RED ALERT –– MAY 6, 2020

Today California Gov. Gavin Newsom issued an executive order creating a temporary workers' compensation presumption for employees diagnosed with COVID-19. The Governor explained that the executive order was signed to "remov[e] a burden for workers on the front lines, who risk their own health and safety to deliver critical services to our fellow Californians so that they can access benefits, and be able to focus on their recovery."[1] For a discussion on the presumptions available within the workers' compensation system, see Sullivan on Comp Section 5.17 Presumption of Injury –– Public Employee in General.

RED ALERT – Modified Hearing Calendar and Emergency Rules

On March 16, 2020, the Division of Workers’ Compensation (DWC) and the Workers’ Compensation Appeals Board (WCAB) announced a modified hearing calendar and emergency rules for filing as a result of the COVID-19 crisis.[1] On April 3, 2020, the DWC and the WCAB announced that they were extending the procedures through April 10, 2020, and also announced new procedures effective April 13, 2020.

Cal-Warn Act and COVID-19: What Governor Newsom’s New Executive Order Means for California Employers

During this time of economic uncertainty, many employers are wondering what their options are in reducing employee hours, furloughs, or even layoffs. Before considering furloughs or layoffs, employers must consider their obligations under both the Federal and (unsurprisingly more restrictive) California WARN Acts.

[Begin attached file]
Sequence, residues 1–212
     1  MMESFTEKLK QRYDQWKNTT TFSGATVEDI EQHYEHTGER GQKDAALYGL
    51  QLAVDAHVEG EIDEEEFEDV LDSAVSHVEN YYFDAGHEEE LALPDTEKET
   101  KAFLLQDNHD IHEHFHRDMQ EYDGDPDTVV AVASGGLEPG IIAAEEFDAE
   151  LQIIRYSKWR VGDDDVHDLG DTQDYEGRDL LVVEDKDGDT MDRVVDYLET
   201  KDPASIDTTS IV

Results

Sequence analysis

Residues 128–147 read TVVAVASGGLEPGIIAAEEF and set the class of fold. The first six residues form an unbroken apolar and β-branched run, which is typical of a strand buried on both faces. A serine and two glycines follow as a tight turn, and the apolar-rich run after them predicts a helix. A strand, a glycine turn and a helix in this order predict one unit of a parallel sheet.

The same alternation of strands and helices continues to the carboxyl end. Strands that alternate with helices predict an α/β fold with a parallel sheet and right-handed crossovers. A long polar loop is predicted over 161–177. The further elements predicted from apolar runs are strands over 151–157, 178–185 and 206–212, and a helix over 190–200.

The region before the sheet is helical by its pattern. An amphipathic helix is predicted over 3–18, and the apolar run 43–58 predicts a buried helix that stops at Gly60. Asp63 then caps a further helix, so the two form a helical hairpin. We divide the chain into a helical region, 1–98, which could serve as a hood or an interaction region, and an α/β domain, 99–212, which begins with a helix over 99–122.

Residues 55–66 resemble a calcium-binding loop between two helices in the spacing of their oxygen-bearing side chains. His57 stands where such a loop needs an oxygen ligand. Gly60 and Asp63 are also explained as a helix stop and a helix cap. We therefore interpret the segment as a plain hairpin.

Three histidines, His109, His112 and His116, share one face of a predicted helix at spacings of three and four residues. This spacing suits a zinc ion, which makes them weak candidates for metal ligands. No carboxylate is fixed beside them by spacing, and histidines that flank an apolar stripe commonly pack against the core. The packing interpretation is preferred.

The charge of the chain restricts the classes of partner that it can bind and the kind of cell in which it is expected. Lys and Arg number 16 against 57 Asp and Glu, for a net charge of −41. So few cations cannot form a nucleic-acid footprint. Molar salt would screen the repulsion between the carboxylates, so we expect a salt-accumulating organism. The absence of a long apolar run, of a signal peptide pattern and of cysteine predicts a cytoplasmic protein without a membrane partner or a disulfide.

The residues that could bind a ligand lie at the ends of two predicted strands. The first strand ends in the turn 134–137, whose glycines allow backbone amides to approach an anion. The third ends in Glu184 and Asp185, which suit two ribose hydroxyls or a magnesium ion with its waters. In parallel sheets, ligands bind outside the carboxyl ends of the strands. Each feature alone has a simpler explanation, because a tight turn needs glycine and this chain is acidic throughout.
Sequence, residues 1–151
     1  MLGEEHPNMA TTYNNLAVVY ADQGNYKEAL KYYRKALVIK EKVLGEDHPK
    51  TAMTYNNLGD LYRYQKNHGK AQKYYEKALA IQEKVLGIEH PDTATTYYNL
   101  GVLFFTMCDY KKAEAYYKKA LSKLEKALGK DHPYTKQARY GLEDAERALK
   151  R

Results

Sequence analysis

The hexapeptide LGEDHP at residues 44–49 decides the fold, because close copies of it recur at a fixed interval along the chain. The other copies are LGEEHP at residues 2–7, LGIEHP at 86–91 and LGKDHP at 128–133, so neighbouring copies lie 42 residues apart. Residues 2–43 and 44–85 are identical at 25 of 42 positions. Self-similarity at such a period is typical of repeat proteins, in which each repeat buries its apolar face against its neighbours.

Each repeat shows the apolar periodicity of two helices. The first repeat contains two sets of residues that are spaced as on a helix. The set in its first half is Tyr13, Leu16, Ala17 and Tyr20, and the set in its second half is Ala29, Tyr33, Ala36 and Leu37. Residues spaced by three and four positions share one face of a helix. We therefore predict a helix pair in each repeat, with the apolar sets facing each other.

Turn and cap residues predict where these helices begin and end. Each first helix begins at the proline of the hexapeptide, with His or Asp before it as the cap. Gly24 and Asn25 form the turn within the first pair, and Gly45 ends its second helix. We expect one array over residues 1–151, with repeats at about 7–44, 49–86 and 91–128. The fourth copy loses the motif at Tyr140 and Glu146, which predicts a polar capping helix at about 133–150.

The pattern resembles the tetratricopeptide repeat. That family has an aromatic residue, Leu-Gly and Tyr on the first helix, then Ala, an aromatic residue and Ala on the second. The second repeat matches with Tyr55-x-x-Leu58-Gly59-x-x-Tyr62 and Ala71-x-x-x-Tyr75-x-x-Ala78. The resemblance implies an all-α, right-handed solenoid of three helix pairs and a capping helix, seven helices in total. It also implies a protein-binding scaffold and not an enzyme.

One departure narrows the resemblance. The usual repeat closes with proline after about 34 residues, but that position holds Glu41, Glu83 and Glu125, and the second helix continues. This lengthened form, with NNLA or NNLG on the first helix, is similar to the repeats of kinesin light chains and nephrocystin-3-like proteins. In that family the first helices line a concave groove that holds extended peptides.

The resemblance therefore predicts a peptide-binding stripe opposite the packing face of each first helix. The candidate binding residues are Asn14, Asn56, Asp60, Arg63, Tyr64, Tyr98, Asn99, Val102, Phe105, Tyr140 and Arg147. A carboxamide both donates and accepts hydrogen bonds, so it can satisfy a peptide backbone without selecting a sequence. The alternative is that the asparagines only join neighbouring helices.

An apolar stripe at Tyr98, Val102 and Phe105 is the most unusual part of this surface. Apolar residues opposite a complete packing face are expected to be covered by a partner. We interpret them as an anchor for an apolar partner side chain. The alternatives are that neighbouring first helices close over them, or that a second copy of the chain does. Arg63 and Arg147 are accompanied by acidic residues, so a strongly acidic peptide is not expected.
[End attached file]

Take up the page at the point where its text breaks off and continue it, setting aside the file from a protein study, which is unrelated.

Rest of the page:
Remote Depositions in Response to COVID-19

Due to the ongoing spread of the novel coronavirus, COVID-19, on March 19, 2020, Governor Newsom issued an executive order requiring all individuals living in the State of California to stay home or at their place of residence, except as needed to maintain continuity of operation of essential critical infrastructure sectors. Essential services that will remain open include grocery stores, gas stations, pharmacies, banks, laundromats and essential government functions, such as law enforcement and offices that provide government programs and services.1

What All Employers with Fewer Than 500 Employees Must Know About the Families First Coronavirus Response Act

On March 14, 2020, the House passed the Families First Coronavirus Response Act (H.R. 6201). On March 18, 2020, the Senate passed the bill which was largely revised from its original form. President Trump signed it into law the same day. The effective dates of these provisions are from April 1, 2020 through December 31, 2020.